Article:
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string copy. this one works, but why that one doesn't?

P: n/a
I'm confused about the two ways of string copy below. The first one
(two functions) works; the second doesn't. Can anybody explain the
reason to me? Thanks a lot.

#include <stdio.h>
/*this one works well
void copy (char *s, char *t)
{
int i = 0;

while ((*t++ = *s++) != '\0')
;
}

main ()
{
char *s = "abcde";
char *t;
copy (s, t);
printf ("%s\n", t);
}
*/
//put all of them together in main, why "Segmentation fault"?
main ()
{
char *s = "abcde";
char *t;

int i = 0;

while ((*t++ = *s++) != '\0')
;
printf ("%s\n", t);
}

Aug 5 '06 #1
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6 Replies


P: n/a
Gary said:
I'm confused about the two ways of string copy below. The first one
(two functions) works; the second doesn't. Can anybody explain the
reason to me? Thanks a lot.
In C, all arguments to a function are evaluated, and their values passed to
the function, which receives those values in its local parameter objects.
No matter how the function changes those local copies, the original
expressions evaluated in the call are not affected in the slightest.
#include <stdio.h>
/*this one works well
void copy (char *s, char *t)
{
int i = 0;

while ((*t++ = *s++) != '\0')
;
When this loop is complete, both t and s point to the end of the string, not
the beginning.
}
But now t and s have ceased to exist, so it hardly matters.
>
main ()
{
char *s = "abcde";
char *t;
copy (s, t);
This is an error. t doesn't point to any storage. Everything Has To Be
Somewhere. When you make a copy of s, that copy has to be put somewhere.
But you haven't specified anywhere to put it.

But if we pretend you'd written:

char buf[6];
char *t = buf;

that would point t at enough storage to hold a copy of "abcde".
printf ("%s\n", t);
}
*/
//put all of them together in main, why "Segmentation fault"?
main ()
{
char *s = "abcde";
char *t;
Let's fix this to:

char buf[6];
char *t = buf;
int i = 0;

while ((*t++ = *s++) != '\0')
;
Just like before, you're walking these pointers to the end of the string.
But this time, they don't magically vanish, leaving the originals as they
were before your copy() call. This time, they're /still/ at the end of the
string.

--
Richard Heathfield
"Usenet is a strange place" - dmr 29/7/1999
http://www.cpax.org.uk
email: rjh at above domain (but drop the www, obviously)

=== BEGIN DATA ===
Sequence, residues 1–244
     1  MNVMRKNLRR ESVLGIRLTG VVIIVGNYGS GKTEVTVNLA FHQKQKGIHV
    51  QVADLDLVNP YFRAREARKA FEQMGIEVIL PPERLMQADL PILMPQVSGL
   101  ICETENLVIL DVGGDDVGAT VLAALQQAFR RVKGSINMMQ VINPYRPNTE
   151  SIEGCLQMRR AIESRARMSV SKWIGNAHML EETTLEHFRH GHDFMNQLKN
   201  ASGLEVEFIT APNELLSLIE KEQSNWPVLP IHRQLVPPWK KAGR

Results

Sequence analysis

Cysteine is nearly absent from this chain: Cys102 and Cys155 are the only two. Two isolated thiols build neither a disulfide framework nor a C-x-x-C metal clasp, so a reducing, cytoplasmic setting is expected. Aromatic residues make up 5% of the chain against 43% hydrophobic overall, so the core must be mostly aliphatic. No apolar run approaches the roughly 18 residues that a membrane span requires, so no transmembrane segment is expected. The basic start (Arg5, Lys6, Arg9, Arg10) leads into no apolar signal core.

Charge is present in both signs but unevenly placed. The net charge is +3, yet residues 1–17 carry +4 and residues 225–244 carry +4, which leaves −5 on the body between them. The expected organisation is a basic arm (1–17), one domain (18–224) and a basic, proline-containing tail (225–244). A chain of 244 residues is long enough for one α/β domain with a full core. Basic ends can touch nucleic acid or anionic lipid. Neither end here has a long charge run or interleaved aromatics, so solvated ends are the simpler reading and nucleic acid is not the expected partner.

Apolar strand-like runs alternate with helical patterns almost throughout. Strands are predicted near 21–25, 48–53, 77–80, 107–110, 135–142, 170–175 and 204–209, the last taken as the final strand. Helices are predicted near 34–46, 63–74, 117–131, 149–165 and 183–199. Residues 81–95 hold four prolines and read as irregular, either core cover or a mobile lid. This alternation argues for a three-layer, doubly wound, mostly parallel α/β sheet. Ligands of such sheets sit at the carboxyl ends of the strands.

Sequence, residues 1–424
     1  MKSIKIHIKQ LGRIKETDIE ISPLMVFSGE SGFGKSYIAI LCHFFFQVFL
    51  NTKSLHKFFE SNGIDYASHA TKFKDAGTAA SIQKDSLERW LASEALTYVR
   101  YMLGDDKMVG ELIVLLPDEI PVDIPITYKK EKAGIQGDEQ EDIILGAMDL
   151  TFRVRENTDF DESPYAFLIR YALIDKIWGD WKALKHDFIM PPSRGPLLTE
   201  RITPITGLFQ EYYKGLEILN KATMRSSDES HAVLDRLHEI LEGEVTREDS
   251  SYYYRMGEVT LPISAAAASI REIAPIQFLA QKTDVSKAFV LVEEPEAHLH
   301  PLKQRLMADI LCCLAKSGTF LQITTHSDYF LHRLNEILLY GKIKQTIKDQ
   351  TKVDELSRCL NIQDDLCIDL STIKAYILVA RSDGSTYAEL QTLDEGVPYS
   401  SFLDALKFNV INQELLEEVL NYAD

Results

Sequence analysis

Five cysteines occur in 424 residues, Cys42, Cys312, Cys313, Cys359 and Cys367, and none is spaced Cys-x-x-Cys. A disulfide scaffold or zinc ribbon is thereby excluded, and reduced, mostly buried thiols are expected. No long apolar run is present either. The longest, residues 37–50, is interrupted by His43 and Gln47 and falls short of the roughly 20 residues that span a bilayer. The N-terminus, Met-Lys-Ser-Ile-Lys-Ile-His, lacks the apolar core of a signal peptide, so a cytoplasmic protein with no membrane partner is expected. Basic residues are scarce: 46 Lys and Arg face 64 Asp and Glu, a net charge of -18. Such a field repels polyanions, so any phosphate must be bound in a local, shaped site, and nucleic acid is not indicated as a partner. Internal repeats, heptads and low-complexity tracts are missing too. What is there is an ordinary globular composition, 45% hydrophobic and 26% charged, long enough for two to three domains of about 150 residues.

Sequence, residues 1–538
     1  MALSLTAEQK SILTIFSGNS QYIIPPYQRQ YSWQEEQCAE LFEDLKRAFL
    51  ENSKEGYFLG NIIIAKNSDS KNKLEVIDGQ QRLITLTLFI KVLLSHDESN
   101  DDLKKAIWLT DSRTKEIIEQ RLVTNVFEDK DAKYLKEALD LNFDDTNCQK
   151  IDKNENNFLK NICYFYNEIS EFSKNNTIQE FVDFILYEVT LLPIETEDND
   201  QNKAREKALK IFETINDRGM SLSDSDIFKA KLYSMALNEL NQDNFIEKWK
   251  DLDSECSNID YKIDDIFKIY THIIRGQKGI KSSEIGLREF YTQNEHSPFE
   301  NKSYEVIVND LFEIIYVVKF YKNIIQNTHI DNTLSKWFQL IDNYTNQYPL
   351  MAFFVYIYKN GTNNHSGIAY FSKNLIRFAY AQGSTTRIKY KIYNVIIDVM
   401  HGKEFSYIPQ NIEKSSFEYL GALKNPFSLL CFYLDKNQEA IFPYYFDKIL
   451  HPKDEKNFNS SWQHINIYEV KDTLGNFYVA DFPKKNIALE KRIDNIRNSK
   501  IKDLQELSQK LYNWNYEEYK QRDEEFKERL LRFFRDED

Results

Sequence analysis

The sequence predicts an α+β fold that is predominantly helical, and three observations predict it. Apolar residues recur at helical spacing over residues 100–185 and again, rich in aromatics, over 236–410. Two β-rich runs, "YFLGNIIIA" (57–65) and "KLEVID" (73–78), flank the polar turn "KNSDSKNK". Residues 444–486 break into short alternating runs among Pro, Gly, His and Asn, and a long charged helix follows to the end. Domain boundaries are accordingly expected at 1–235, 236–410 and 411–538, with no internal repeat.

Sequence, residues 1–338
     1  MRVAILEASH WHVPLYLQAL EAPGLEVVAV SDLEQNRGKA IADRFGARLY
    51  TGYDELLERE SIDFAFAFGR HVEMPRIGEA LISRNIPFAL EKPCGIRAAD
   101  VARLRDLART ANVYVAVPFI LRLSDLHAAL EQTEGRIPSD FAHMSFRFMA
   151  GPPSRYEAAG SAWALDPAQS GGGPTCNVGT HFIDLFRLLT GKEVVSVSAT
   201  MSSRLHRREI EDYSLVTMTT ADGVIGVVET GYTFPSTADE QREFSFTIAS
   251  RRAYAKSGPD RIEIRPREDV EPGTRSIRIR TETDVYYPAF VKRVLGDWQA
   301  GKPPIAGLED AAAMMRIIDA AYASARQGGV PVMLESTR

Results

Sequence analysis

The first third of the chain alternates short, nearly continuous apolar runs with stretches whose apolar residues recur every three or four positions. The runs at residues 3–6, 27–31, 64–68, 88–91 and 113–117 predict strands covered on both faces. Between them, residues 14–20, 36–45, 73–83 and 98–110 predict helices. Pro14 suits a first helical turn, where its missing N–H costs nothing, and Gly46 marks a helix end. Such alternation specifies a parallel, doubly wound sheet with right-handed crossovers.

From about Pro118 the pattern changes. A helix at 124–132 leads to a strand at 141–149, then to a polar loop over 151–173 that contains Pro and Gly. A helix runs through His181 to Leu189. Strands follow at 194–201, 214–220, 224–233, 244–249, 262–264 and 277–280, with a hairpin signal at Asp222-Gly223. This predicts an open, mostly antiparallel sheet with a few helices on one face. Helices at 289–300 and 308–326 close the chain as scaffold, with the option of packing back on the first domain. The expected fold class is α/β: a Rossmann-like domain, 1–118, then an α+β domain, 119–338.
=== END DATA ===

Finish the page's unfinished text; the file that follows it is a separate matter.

Aug 5 '06 #2

P: n/a
Gary wrote:
I'm confused about the two ways of string copy below. The first one
(two functions) works; the second doesn't. Can anybody explain the
reason to me? Thanks a lot.

#include <stdio.h>
/*this one works well
void copy (char *s, char *t)
{
int i = 0;

while ((*t++ = *s++) != '\0')
;
}

main ()
{
char *s = "abcde";
char *t;
copy (s, t);
printf ("%s\n", t);
}
*/
//put all of them together in main, why "Segmentation fault"?
main ()
{
char *s = "abcde";
char *t;

int i = 0;

while ((*t++ = *s++) != '\0')
;
printf ("%s\n", t);
}
In addition to what Richard Heathfield already wrote, I think it should
be emphasized that the first method of copying is also broken. The
fact that it worked when you tried it was sheer blind luck and can't be
depended on. The reason is that t is uninitialized. When you declare
"char *t", you are telling the program: "temporarily give me a block
of memory big enough to hold the address of a char." The program gives
you that block, but you never say what address to store in that block.
Kind of like buying a cellphone at a yard sale, then immediately trying
to use it's speed dial to call your friend. A more correct way to do
the first version would be

#include <stdio.h>
void copy (char *s, char *t)
{
while ((*t++ = *s++) != '\0')
;
}

main ()
{
char *s = "abcde";
char t[6];

copy (s, t);
printf ("%s\n", t);
}

Aug 5 '06 #3

P: n/a
Snis Pilbor said:

<snip>
>
In addition to what Richard Heathfield already wrote, I think it should
be emphasized that the first method of copying is also broken. The
fact that it worked when you tried it was sheer blind luck and can't be